Oscar-winning director Steven Spielberg highlighted the importance of preserving art in its original form. “For me, it’s sacrosanct…I do not believe in censorship that way,” he said. He reflected in particular on his decision to replace guns with walkie talkies in his 1982 film E.T. The Extra-Terrestrial, calling it a “mistake.”

He said the same principle applies for him regarding the removal of language considered offensive from the latest editions of Roald Dahl childhood favorites such as Charlie and the Chocolate Factory. “Nobody should ever take the chocolate out of Willy Wonka, and they shouldn’t take the chocolate or the vanilla or any other flavor out of anything that’s been written,” Spielberg said

The theme of social justice was one that panelists discussed frequently. NBA All-Star, philanthropist, and entrepreneur Carmelo Anthony and WNBA champion and WNBPA President Nneka Ogwumike shared how they have used their voices to promote social justice, even as some fans urge them to “shut up and dribble.” Anthony earned applause when he said he tries to convince colleagues to speak out. “You don’t have to stand on what I stand on, or deal with the issue that I have to deal with, but you gotta take care of your community first,” he said. “And everybody does that, then we’ll be okay.”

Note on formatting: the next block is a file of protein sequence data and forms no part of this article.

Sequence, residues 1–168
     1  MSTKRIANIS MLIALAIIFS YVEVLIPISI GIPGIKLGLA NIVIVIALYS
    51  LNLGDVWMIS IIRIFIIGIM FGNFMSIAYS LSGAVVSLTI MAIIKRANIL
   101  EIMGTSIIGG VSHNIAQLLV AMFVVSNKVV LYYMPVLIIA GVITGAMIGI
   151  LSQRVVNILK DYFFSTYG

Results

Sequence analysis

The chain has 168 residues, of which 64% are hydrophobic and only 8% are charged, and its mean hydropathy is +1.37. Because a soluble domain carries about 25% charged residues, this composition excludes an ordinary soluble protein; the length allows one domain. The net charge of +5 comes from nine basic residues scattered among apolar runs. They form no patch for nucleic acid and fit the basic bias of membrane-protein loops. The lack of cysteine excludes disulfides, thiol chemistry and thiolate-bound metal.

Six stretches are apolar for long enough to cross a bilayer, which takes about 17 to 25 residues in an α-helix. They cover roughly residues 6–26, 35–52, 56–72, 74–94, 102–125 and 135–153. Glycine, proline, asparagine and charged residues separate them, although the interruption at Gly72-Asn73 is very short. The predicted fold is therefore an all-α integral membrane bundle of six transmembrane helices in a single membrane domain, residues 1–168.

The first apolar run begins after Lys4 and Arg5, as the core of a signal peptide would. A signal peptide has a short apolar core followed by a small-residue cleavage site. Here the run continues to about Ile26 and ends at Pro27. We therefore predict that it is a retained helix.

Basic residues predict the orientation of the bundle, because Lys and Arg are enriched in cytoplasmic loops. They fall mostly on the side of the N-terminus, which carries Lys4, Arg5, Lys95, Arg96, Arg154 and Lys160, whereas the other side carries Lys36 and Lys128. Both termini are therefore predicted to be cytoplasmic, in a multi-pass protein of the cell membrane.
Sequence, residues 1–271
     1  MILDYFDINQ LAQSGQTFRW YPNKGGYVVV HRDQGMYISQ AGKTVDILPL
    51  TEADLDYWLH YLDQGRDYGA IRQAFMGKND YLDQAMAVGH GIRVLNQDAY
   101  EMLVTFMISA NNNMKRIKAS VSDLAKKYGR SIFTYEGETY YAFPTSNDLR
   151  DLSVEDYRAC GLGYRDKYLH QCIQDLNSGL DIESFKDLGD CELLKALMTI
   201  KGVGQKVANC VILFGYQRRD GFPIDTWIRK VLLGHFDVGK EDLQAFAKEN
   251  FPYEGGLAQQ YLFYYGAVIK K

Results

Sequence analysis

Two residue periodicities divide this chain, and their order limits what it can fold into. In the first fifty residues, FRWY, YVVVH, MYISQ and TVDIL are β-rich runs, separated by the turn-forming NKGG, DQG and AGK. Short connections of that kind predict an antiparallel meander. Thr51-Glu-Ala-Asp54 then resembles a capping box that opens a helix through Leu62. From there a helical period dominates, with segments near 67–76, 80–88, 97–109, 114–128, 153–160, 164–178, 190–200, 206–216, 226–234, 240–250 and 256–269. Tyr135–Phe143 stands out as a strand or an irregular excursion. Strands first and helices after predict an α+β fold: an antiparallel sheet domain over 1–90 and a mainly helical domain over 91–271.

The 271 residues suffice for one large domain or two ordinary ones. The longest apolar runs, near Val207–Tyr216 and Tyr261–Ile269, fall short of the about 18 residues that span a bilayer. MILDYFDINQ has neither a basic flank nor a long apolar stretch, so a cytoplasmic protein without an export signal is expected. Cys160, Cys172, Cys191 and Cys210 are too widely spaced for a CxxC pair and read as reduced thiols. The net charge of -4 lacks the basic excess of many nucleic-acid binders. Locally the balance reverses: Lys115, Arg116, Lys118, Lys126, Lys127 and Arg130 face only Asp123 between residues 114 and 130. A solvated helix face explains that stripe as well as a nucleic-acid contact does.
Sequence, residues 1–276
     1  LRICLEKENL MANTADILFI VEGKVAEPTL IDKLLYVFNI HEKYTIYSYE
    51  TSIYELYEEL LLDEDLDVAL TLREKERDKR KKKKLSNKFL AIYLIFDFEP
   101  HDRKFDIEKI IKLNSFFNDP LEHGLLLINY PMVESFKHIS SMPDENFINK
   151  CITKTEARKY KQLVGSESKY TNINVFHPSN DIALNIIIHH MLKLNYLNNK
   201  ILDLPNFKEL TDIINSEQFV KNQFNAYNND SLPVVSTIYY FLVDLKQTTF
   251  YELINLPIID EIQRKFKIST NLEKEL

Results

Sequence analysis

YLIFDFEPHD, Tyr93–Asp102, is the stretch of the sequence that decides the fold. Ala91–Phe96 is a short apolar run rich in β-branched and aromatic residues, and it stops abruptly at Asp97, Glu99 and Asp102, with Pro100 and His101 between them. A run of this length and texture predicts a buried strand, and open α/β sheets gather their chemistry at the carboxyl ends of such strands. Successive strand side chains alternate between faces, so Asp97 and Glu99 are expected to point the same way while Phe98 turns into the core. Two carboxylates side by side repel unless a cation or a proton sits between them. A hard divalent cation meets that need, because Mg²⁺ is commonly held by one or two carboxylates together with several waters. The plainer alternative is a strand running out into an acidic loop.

Ogwumike recalled the “scariest conversation” she ever had, when she was negotiating to make sure players would receive their full pay and be able to dedicate the season to Black Lives Matter. “You still deal with this imposter syndrome of not believing that you’re worth asking for those things when the world is on fire,” she said.

On the subject of health, TIME Senior Health Correspondent Alice Park spoke with David Sinclair, a professor of genetics at Harvard Medical School, and Dr. Deborah Persaud, a professor of pediatrics at Johns Hopkins University School of Medicine, about reversing aging and working towards a cure for HIV.